According to Khader, Jarrah, and Alasad (2010), the previous educational background, experiential characteristics, and background of nurses play a significant role in their attitudes towards the provision of care for the dying patients. It is essential for nurses to be knowledgeable because they spend most of their time taking care of dying patients and their families. Provision of end of life care evokes undesirable attitudes and emotions for caregivers and nurses, including fear, sadness, stress, and anxiety. Nurses can have either a positive or negative reflection of these feelings towards death and die, which can have significant effects on the quality of care. With an increase in cancer patients, nurses will have high exposure to death and dying, given that cancer is a chronic disease that is considered as a leading cause of death. It is surprising to find that nurses lack skills and knowledge on how to be effective in the provision of care during the end stages of life (Khader, Jarrah&Alasad 2010). The reason why nurses are inefficient is that they have to struggle with anxiety and personal negative thoughts regarding death and to die. Their professional experience with death and dying also affects the quality of care. In their study, Khader, Jarrah, and Alasad (2010) found that nurses have negative attitudes towards the provision of care to dying patients. In this regard, they need to be adequately prepared to deal with issues affecting them in the workplace, which can only be achieved through the implementation of educational intervention programs.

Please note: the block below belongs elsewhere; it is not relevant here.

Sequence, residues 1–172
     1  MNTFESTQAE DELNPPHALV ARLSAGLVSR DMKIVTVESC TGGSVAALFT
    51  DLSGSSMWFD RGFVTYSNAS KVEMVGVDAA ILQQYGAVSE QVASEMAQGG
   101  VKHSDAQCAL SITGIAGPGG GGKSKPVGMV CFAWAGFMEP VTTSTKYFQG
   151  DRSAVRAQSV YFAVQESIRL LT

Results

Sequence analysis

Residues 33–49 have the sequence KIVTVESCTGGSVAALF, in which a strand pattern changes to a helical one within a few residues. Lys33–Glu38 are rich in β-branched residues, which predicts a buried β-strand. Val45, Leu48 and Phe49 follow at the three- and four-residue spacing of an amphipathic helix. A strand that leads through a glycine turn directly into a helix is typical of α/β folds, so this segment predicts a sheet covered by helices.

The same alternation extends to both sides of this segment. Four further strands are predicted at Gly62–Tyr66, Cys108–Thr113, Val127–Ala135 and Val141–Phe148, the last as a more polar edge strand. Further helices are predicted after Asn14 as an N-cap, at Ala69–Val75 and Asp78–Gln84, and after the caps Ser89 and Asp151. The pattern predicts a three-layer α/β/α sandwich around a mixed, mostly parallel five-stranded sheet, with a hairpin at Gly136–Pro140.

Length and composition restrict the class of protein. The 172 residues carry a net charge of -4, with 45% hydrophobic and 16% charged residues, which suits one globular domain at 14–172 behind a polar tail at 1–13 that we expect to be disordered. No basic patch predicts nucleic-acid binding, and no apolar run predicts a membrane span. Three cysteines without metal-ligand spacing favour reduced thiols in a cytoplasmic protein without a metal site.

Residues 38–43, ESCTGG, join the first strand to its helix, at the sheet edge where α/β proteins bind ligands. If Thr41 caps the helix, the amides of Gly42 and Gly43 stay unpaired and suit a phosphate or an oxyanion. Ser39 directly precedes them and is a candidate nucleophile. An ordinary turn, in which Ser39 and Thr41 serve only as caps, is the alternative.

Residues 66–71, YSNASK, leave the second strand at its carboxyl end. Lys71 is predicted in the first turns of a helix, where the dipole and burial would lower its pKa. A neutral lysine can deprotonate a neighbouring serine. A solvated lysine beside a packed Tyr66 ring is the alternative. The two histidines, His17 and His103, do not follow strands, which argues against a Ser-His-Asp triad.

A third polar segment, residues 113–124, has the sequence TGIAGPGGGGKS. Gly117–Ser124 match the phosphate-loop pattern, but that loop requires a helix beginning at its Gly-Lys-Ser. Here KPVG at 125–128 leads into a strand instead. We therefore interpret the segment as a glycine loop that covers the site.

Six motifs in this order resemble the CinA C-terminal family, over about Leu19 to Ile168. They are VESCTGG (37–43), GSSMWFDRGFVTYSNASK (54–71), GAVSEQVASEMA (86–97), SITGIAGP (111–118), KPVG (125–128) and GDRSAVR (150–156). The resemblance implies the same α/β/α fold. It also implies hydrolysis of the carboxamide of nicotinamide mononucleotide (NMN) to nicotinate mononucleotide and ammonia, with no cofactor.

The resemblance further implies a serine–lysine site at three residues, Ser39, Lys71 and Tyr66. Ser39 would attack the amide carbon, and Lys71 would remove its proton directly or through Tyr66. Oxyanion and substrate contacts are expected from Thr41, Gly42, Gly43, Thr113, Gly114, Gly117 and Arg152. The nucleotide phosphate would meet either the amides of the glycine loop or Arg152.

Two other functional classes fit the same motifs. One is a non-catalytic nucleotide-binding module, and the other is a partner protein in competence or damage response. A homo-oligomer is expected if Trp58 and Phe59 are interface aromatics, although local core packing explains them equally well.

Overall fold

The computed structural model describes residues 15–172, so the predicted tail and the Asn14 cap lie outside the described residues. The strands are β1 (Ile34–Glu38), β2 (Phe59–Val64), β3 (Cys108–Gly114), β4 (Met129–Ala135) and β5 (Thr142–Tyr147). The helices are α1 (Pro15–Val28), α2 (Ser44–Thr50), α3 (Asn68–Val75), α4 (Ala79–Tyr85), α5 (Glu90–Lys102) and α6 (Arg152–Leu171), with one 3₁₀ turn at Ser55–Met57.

Several factors affect the quality of preparedness to practice palliative care among nurses. Lack of sufficient knowledge is one of these factors. According to Khraisat, Hamdan, &Ghazzaw (2017), a nursing student in Saudi Arabia lack knowledge of the principles and philosophy of palliative care. Besides this, they have several misconceptions regarding palliative care. Some of the nurses believe that efficiency in palliative care can be achieved through emotional detachment. It is from this perspective that the need for trained and knowledgeable nurses becomes inevitable.